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Clare MABS busy as ever

Clare MABS busy as ever

CLARE MABS is currently assisting more than 100 clients in late-state mortgage arrears, with a further 110 mortgage arrears clients also being helped by the money advice service in the county.

Details of the supports MABS is offering throughout Clare was revealed at a presentation to Clare County Council’s Social Development Strategic Policy Committee.

In relation to late-stage mortgage arrears, the results have included five cases where restructuring or long-term solutions have been approved; 11 cases in trial test periods, where, if successful, a long-term arrangement will be considered by the lender; 12 cases awaiting decisions and 10 clients referred for personal insolvency arrangements.

The meeting heard that MABS runs a court mentor scheme, providing advice and support with an increase in the numbers of clients availing of the service in recent years.

The Abhaile court mentor scheme sees MABS representatives attend local circuit court mortgage possession case hearings. An information stand is positioned in the court lobby, giving independent advice.

There is also an opportunity for MABS representatives to accompany existing clients into court and to explain the process. Clients are also introduced to a duty solicitor, who can represent them during court proceedings.

“People should not have to face a court appearance or deal with the threat of losing their home, without appropriate advice and support,” said Ms Dolan.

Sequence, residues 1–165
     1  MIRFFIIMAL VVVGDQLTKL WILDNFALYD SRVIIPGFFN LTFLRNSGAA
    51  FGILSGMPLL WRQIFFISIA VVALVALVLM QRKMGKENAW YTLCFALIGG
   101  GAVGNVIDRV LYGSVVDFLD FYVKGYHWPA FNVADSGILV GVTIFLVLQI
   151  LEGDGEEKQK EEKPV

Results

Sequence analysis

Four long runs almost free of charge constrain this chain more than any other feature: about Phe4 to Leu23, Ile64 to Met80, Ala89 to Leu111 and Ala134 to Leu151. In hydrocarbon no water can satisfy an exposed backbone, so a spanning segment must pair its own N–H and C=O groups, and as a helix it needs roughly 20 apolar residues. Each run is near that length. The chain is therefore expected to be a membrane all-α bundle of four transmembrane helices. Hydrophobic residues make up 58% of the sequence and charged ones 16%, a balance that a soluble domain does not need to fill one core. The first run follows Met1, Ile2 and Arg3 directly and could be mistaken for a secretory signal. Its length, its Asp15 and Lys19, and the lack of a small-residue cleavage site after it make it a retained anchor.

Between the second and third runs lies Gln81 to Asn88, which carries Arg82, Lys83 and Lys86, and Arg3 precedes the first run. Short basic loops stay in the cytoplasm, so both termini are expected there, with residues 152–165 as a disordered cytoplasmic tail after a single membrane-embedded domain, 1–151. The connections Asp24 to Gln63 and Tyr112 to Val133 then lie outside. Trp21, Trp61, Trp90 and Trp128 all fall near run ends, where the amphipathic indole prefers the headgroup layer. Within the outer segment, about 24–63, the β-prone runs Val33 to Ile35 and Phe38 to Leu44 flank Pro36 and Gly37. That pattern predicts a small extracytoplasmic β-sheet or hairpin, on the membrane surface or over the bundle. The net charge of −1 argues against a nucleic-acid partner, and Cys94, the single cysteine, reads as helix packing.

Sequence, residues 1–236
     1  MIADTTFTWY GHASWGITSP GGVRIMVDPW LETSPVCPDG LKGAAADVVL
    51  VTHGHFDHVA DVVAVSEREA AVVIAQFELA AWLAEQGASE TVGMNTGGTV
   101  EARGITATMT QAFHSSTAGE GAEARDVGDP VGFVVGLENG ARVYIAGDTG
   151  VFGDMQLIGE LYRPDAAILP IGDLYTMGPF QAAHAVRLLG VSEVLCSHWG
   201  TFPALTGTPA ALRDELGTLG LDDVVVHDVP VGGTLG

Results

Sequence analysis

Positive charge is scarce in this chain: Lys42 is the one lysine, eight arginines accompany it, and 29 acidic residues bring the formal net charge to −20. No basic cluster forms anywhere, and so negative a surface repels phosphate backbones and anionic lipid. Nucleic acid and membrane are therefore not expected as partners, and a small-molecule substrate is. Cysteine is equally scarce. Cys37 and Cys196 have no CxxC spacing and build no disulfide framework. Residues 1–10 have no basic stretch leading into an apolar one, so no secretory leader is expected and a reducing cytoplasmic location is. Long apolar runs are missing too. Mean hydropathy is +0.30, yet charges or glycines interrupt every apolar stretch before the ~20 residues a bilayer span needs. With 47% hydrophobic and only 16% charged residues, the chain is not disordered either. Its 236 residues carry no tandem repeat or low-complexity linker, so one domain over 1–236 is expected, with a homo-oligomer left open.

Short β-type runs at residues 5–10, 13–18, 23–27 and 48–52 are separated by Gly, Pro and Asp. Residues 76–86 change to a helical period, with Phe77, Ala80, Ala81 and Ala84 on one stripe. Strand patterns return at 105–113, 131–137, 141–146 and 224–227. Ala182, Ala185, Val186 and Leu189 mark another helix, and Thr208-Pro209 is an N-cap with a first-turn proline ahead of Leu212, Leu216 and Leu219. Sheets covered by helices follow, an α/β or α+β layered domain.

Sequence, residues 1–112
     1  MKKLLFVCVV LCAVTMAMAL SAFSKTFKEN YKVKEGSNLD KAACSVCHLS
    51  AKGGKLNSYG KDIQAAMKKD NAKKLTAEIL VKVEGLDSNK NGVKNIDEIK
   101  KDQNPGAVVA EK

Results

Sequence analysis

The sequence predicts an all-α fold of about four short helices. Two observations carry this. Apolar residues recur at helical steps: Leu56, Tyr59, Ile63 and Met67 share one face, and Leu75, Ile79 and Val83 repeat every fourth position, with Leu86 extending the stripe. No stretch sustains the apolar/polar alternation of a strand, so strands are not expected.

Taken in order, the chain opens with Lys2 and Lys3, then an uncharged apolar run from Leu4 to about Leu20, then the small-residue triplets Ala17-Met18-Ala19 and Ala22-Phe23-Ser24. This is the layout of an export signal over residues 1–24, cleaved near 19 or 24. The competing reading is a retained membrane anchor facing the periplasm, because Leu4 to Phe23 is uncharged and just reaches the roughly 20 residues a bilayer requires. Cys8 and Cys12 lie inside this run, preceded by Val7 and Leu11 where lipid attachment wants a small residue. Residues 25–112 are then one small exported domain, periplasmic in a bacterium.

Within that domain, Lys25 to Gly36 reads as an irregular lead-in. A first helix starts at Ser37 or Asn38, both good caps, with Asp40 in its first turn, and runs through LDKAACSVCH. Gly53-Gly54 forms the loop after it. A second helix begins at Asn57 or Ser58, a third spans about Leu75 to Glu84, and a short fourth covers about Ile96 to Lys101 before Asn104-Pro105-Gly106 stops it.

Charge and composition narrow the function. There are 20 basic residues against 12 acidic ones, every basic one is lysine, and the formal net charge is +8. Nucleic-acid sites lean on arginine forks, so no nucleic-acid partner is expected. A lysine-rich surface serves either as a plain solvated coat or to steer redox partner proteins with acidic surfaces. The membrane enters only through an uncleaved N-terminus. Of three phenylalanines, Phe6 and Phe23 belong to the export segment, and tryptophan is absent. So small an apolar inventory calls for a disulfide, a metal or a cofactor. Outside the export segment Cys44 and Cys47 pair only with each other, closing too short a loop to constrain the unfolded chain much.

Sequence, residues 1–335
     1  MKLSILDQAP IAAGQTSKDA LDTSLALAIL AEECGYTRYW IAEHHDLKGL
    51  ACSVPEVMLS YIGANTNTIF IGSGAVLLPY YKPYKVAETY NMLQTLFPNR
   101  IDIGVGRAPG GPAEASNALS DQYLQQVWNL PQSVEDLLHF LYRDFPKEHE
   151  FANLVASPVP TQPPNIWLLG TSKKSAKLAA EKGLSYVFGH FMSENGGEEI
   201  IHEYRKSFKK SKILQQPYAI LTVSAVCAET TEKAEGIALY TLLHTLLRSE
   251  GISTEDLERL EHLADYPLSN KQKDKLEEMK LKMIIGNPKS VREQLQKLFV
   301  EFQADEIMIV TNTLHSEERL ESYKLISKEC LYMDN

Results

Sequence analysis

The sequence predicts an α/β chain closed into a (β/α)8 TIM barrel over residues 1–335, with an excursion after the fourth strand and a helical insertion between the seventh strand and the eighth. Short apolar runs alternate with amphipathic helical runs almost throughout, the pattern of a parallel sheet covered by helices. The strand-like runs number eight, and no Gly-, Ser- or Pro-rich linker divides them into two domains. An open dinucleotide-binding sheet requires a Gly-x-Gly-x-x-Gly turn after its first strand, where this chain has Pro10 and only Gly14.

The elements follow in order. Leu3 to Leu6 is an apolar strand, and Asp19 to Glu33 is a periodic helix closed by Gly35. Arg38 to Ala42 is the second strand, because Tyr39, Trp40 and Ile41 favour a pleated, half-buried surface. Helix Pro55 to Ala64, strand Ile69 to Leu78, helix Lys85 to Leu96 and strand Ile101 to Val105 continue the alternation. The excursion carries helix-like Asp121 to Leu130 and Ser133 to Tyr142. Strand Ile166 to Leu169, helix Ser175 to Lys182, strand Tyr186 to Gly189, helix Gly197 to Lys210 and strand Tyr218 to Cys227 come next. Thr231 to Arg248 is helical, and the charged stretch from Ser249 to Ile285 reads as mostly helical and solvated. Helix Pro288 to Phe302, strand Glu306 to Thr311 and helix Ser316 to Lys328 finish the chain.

She said that, in November 2015, there were 141 mortgage repossession cases listed for hearing, with four of those existing MABS clients.

Meanwhile, in September 2017, there were 113 mortgage repossession cases listed for hearing in Clare; of these, 36, or 32%, were existing MABS clients.

Statistics outlined at the meeting by Carmel Dolan, a dedicated mortgage arrears advisor with Clare MABS, showed that, in many cases, borrowers are not represented in court repossession cases.

In July 2017, there were 106 mortgage repossession cases listed for hearing. Of those, 25 were existing MABS clients. Nineteen clients attended court, 10 of these were existing clients. There were 16 solicitors representing borrowers.

Approximately 60% of the borrowers listed for hearing were unrepresented in court.

“A lot of people feel it is gone too far, but it is never too late to seek help,” said Ms Dolan.

The meeting also heard that legal bills totalling €37,000 have been paid using the support of MABS.

Under the Abhaile scheme, vouchers of €500 are paid to cover legal advice and personal insolvency costs.

Ms Dolan explained, “The voucher pays for the appointment with a solicitor for legal advice or a personal insolvency practioner for advice on insolvency options. The client can choose from a panel of solicitors and PIPs available locally.”

Since the scheme was introduced in 2016, Clare MABS has issued 74 vouchers, totalling €37,000. The meeting also heard that there can be a gap of 11 months between a demand letter being issued and a case being heard on the repossession list in court.

Speaking following the presentation, Councillor Tom McNamara spoke of the difficulties facing some homeowners in mortgage arrears, who are unable to sell their property, due to the ‘locals only’ planning policy.

He suggested that this clause should not apply to those in mortgage difficulties. Director of services Liam Conneally said representations could be made in support of this to the planning authority. “People in bankruptcy situations who will lose their home, there should be some respite from a planning policy perspective,” he said.

By Jessica Quinn

There is a big demand for services provided by MABS in Clare

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